• 81°

JODY HOLTON — Let’s take a walk for your health

Does the thought of going to the gym fill you with dread? Really not into the whole “working out” thing? But you really do want to feel more fit and healthy?

Here is a little good news. Walking for 2.5 hours a week — that’s just 21 minutes a day, 7 days a week — can cut your risk of heart disease by 30 percent.

In addition, this do-anywhere, no-equipment-required activity has also been shown to reduce the risk of diabetes and cancer, lower blood pressure and cholesterol and keep you mentally sharp.

All you need is loose comfortable clothing, shoes that give good support, a flat surface and a safe-well-lit area to walk in.

If you are lucky enough to have a good walking area around your home, get on out there and get moving. The malls are a favorite as the temperature is always right, safe and the terrain is flat.

I live near a school and the parking lot is filled daily with walkers of all ages, young moms with strollers to senior adults. Here in Port Arthur, we have the seawall that offers a beautiful setting that can’t be beat.

Walking can have a bigger impact on disease risk and various health conditions than just about any other remedy that’s readily available to you. What’s more, it’s free and has practically no negative side effects.

A University of Utah study in 2014 found that for every minute of brisk walking that women did throughout the day, they lowered their risk of obesity by 5 percent. No more “I don’t have time” excuses!

Start walking and you’ll be helping to make your community stronger, too. Social scientists have found that as more people take to the streets, neighborhood crime rates fall and the local economy improves.

It’s also a wonderful way to meet new people and connect with neighbors. Take a walk with your children after dinner. It can promote better communication, reduce behavior problems and improve academic performance.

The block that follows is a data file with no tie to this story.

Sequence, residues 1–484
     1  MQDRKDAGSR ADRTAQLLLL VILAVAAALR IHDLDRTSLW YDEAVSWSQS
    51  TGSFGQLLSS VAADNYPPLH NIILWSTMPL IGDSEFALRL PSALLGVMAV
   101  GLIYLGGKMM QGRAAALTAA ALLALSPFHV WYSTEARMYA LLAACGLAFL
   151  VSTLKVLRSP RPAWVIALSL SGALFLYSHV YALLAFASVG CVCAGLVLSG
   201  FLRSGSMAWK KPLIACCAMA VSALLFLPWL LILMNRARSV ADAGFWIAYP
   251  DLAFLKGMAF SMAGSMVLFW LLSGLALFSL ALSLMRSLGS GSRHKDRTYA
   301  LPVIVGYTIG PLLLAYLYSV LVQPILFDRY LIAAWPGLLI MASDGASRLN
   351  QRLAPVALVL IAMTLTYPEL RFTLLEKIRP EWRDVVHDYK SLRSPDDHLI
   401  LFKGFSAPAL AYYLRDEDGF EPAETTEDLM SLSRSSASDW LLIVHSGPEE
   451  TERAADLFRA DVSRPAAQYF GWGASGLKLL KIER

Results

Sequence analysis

Walking can even help your mood. A number of studies have found that it’s as effective as drugs for decreasing depression. It can help relieve everyday stresses, too.

Tension starts to ease as the road stretches out in front of you. Mood-elevating endorphin levels increase. Many people report that walking helps clear the mind, too — you may even come up with the solution to a problem that’s been bugging you.

Have you been sedentary for a while? Don’t think you can walk for 21 minutes on your first time out?

Then start out with 10 minutes, and then add a couple of minutes more every few days. You will be up to those 21 minutes and more in no time at all. Add to that, a walk of 30 minutes or more. Before you know it, brisk walking can become a part of your daily routine. And you’ll reap plenty of benefits.

There are some great apps for your smart phone that help you track your walk, show distance and even calories burned.

So, put on your shoes, step out the door, and rediscover the joys of walking. Stay healthy, my friends.

Jody Holton writes about health for Port Arthur Newsmedia. She can be reached at jholton3@gt.rr.com.